Eventually, Mark’s search led to him purchasing this great-looking Limelight Superbird with an interesting story. The second owner lived in Utah and bought the rare Bird back in 1975. Unfortunately, the owner also passed away in the 1980s and the car sat dormant for decades collecting dust. The kids decided it was time to sell their late father’s car and placed an ad on Craigslist in Utah. It was a friend of Mark’s, Steve Liabenow, that spotted the ad and immediately called Mark. Being that it was a real deal Limelight, numbers-matching 440 four-barrel, four-speed transmission, 3.54 Dana rear axle, with a bucket seat interior, Mark was extremely interested in buying this Superbird. “When I contacted the Superbird’s owner, he said they had so many phone calls on the car. I told him that if it wasn’t for the Bird being lime green, I would not bother him. I also told him I’d been looking for over 35 years for another lime green Superbird to replace the one I sold decades ago,” noted Mark. “The owner said call him tomorrow because he had someone coming to look at it. I was reluctant to call because I didn’t want to waste our time and the guy looking at the car was probably going to buy it. My brother said just call him back, so I did. When he answered the phone, he said ‘Oh I was just thinking about you and what you said so I’ve decided to sell the car to you.’ I was floored when I heard that,” smiled Mark.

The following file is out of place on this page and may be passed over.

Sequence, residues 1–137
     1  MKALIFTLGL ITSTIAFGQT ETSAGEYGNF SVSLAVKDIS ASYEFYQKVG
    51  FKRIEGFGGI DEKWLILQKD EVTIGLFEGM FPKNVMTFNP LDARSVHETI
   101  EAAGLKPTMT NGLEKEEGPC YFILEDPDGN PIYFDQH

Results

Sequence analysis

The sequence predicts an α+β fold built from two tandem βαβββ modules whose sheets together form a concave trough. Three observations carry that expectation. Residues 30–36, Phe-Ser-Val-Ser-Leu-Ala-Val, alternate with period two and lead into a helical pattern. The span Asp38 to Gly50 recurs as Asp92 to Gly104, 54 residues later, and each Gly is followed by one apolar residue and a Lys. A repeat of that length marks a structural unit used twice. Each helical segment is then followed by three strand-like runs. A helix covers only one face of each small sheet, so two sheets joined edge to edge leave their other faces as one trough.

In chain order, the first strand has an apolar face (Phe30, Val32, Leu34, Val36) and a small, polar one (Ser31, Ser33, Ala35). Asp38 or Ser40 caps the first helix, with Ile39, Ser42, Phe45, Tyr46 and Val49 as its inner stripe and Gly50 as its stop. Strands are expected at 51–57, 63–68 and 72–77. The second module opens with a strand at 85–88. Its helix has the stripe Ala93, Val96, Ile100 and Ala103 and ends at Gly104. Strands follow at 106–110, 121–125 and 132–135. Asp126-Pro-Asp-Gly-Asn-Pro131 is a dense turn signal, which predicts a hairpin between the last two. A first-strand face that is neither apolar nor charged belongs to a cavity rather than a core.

To get a closer look at the Superbird without the expense and hassle of flying to Utah, Mark and the owner used FaceTime to make sure the car was numbers-matching and otherwise true to the way it was depicted in the ad. “He wanted me to come see it and could not believe that I was going to buy it and send the money sight unseen. I know it’s kind of risky, but I had a good vibe. When the car arrived, it was pretty much what he described. It was in pretty good shape other than surface rust and a tired motor. I had the car completely restored bumper to bumper and sent the 440 four-barrel engine off to Bob Kardashian, aka ‘Mr. 6Pack’ to be rebuilt,” mentioned Mark.
In the past five decades, this Superbird has roamed this earth. Mark is the third owner and unlike the Bird he let fly away in the 1980s, he’s hanging on to this one. “Driving a Superbird is like no other car. I have had many crazy vehicles that draw attention, but for some reason, the Superbird towers over everything, there’s nothing like it. The lime green color makes it even more outstanding,” declared Mark. “When I bought this car and brought it home, it occupied the same garage space where my first Superbird sat over 35 years ago. Even my mom commented and said ‘Oh, you brought your Superbird home’ and that was pretty cool. I know I won’t be turning this Bird loose anytime soon.”
Check out this image gallery of Mark’s current Superbird that also include some cool shots of his original ride from back in the day!